Thutmose III


Thutmose III had a co-regency with Hatshepsut for a period of time and was considered a military genius. He greatly expanded the borders of Egypt and brought the area of Canaan as subjects.

Widely considered a military genius by historians, he was an active expansionist ruler who is sometimes called Egypt’s greatest conqueror or “the Napoleon of Egypt.”[14] He is recorded to have captured 350 cities during his rule and conquered much of the Near East from the Euphrates to Nubia during 17 known military campaigns. He was the first Pharaoh to cross the Euphrates, doing so during his campaign against Mitanni. His campaign records were transcribed onto the walls of the temple of Amun at Karnak, and are now transcribed into Urkunden IV. He is consistently regarded as one of the greatest of Egypt’s warrior pharaohs, who transformed Egypt into an international superpower by creating an empire that stretched from southern Syria through to Canaan and Nubia.[15]

“Thutmose III began the first and most decisive of the great conqueror’s campaigns in the region of Canaan and Syria establishing Egyptian dominance over the region.” … of-canaan/

The Egyptians had a policy of keeping the Canaanites weak after conquering them.

But, what stands out most in the archaeological record from the time period of Egyptian domination isn’t so much what was there as wasn’t– from the time of Thutmose III until the end of Egyptian rule, almost all towns in Canaan had no city wall.13 Excluding Hazor, Megiddo, and (possibly) Gezer – the very largest Canaanite cities – the only towns with walls constructed in the Late Bronze age are Ashdod, Tel Abu Hawam, and Tel Beit Misrim.14 The rest stood vulnerable and unprotected – just how Pharaoh wanted them. … of-canaan/

“from the time of Thutmose III until the end of Egyptian rule, almost all towns in Canaan had no city wall.” … of-canaan/

“We’re going to come back to the topic of Late Bronze age deportation in a future post and get into the detail there, but for now we just need to understand that depopulation happened, and it left Canaan all the more weakened and all the more in the shadow of Egypt.” … of-canaan/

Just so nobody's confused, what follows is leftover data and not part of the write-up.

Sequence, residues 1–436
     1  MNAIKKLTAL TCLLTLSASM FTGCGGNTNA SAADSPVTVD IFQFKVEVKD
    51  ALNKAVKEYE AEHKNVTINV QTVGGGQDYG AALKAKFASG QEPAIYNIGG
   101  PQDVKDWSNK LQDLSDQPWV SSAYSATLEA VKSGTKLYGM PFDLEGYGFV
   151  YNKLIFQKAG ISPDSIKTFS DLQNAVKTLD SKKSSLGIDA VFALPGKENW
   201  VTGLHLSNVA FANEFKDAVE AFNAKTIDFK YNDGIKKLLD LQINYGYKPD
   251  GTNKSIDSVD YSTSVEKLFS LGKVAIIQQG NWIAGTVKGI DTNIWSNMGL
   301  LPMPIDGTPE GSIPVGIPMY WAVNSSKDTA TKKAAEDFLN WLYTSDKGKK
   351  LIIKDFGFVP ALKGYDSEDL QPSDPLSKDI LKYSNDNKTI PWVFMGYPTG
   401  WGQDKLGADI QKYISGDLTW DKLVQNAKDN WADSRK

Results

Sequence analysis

So, most of the area of Canaan was made weak and vulnerable during this time. For any invader, it would’ve been the perfect time to attack the area of Canaan.

During the reign of Thutmose III, Hatshepsut died for unknown reasons and following her death, Thutmose III ruled Egypt alone for 33 years. There was also an attempt to erase the memory of Hatshepsut. It is theorized it was Thutmose III who ordered this.

“No contemporary source, including that stela, mentions how she died. Her mummy was not in her prepared tomb, and many of the signs of her existence had been erased or written over, so the cause of death was a matter of speculation.” … ie-3529280

“Until recently, a general theory has been that after the death of her husband Thutmose II, Hatshepsut ‘usurped’ the throne from Thutmose III. Although Thutmose III was a co-regent during this time, early historians have speculated that Thutmose III never forgave his step-mother for denying him access to the throne for the first two decades of his reign.”

Whatever the case, upon her death, Thutmose III ascended to the position of pharaoh. As mentioned, he now presided over an Egypt that had prospered greatly under Hatshepsut’s rule. However, about two decades into his reign, for reasons unclear today, he began ordering his men to remove mentions of Hatshepsut as pharaoh. Her name and image were destroyed, scraped form engravings and her statues toppled- no easy task considering the numerous buildings and other works built under her rule, often featuring her in some way in them. … ake-beard/

Before his own death, Thutmose III moved to erase Hatshepsut from the historical record by defacing her monuments and removing her name from the list of kings. … hatshepsut